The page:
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Scheduling Jobs with a Common Due Date via Cooperative Game Theory  [PDF]
Irinel Dragan
American Journal of Operations Research (AJOR) , 2013, DOI: 10.4236/ajor.2013.35042
Abstract: Efficient values from Game Theory are used, in order to find out a fair allocation for a scheduling game associated with the problem of scheduling jobs with a common due date. A four person game illustrates the basic ideas and the computational difficulties.
On the Coalitional Rationality of the Shapley Value and Other Efficient Values of Cooperative TU Games  [PDF]
Irinel Dragan
American Journal of Operations Research (AJOR) , 2014, DOI: 10.4236/ajor.2014.44022
Abstract: In the theory of cooperative transferable utilities games, (TU games), the Efficient Values, that is those which show how the win of the grand coalition is shared by the players, may not be a good solution to give a fair outcome to each player. In an earlier work of the author, the Inverse Problem has been stated and explicitely solved for the Shapley Value and for the Least Square Values. In the present paper, for a given vector, which is the Shapley Value of a game, but it is not coalitional rational, that is it does not belong to the Core of the game, we would like to find out a new game with the Shapley Value equal to the a priori given vector and for which this vector is also in the Core of the game. In other words, in the Inverse Set relative to the Shapley Value, we want to find out a new game, for which the Shapley Value is coalitional rational. The results show how such a game may be obtained, and some examples are illustrating the technique. Moreover, it is shown that beside the original game, there are always other games for which the given vector is not in the Core. The similar problem is solved for the Least Square Values.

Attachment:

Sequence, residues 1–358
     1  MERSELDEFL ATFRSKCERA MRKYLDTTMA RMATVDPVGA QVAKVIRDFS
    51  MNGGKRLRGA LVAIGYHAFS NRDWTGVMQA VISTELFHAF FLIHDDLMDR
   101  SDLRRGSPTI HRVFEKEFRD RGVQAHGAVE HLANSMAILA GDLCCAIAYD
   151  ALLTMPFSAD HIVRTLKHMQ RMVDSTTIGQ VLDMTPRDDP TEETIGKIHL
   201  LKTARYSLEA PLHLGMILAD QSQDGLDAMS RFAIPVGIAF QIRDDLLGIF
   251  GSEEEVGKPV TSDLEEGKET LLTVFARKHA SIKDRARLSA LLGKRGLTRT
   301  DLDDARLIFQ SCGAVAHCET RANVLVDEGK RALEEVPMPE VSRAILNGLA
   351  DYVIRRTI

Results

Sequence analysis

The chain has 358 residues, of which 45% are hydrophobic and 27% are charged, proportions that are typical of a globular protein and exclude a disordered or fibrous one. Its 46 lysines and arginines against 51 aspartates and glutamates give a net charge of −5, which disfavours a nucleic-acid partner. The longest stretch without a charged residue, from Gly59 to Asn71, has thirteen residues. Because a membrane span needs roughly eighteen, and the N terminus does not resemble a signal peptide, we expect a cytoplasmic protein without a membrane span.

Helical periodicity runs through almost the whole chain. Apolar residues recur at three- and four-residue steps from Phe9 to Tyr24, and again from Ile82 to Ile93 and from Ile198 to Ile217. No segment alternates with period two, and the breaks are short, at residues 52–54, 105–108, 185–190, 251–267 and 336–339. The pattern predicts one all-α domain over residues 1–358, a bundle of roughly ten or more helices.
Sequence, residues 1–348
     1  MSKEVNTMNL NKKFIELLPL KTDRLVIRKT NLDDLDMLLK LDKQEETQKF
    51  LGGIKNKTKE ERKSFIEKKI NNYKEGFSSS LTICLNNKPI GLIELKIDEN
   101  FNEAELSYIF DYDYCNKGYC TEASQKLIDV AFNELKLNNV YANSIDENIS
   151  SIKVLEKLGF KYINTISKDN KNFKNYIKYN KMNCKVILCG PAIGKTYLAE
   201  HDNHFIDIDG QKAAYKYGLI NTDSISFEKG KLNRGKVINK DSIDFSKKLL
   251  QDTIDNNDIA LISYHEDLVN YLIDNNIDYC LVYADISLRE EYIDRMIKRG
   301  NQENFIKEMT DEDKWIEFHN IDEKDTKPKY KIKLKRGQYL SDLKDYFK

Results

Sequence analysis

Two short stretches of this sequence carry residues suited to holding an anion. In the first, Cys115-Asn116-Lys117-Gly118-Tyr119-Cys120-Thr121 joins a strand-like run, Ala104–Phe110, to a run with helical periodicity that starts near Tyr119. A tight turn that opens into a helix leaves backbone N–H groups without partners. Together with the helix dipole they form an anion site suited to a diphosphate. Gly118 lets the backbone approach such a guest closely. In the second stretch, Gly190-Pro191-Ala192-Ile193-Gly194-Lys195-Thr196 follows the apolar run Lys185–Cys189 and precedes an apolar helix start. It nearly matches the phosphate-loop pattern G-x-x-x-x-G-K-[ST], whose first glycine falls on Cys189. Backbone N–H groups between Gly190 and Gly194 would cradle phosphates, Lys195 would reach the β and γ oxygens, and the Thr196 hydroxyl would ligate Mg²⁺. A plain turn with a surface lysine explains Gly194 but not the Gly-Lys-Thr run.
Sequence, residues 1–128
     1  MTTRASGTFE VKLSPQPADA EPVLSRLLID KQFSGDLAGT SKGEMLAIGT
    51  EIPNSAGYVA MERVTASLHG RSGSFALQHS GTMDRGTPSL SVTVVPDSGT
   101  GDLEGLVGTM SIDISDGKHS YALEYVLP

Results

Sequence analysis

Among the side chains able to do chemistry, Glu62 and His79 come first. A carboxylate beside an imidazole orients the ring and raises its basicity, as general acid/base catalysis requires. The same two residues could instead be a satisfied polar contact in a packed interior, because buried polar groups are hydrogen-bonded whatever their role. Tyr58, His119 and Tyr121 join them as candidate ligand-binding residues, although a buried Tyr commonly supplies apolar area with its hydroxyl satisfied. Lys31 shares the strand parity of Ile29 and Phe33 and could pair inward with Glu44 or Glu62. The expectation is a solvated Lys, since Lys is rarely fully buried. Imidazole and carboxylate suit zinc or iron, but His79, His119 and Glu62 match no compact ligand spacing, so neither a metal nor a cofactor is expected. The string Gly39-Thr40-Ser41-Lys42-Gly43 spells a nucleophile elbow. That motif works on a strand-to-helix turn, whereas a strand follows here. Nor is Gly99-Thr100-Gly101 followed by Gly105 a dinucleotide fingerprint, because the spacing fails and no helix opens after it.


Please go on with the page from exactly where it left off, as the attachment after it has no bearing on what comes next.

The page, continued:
Requirements Quality Online Courses  [PDF]
Dragan Damjanovi?
Intelligent Information Management (IIM) , 2014, DOI: 10.4236/iim.2014.63010

Every day on the Internet appear online courses (good, bad, free, expensive, legal, illegal, ...). They can be of great benefit, especially to people who, because of a lack of free time can not attend face-to-face teaching, and have a duty of continuous professional development. In this great offer, it is really difficult to choose the right one that will fully meet the strict criteria. In this paper, we point to the conditions and requirements that may significantly facilitate students making their final decision regarding the selection of different forms of online training.

On the Gas Routing via Game Theory  [PDF]
Irinel Dragan
American Journal of Operations Research (AJOR) , 2015, DOI: 10.4236/ajor.2015.54022
Abstract: The delivery of the natural gas obtained by drilling, fracking and sending the product to consumers is done usually in two phases: in the first phase, the gas is collected from all wells spread on a large area, and belonging to several companies, and is sent to a depot owned by the city; then, in the second phase, another company is taking the gas on a network of ducts belonging to the city, along the streets to the neighborhoods and the individual consumers. The first phase is managed by the gas producing companies on the ducts owned by each company, possibly also on some public ducts. In this paper, we discuss only this first phase, to show why the benefits of these companies depend on the cooperation of the producers, and further, how a fair allocation of the total gas obtained, to the drilling companies, is computed. Following the model of flow games, we generate a cooperative transferable utilities game, as shown in the first section, and in this game any efficient value gives an allocation of benefits to the owners of ducts in the total network. However, it may well happen that the chosen value is not coalitional rational, in the game, that is, it does not belong to the Core of the game. By using the results obtained in an earlier work of the author, sketched in the second section, we show in the last section how the same allocation may be associated to a new game, which has the corresponding value a coalitional rational value. An example of a three person flow game shows the game generation, as well as the procedure to be used for obtaining the new game in which the same value, a Shapley Value, will give a coalitional rational allocation.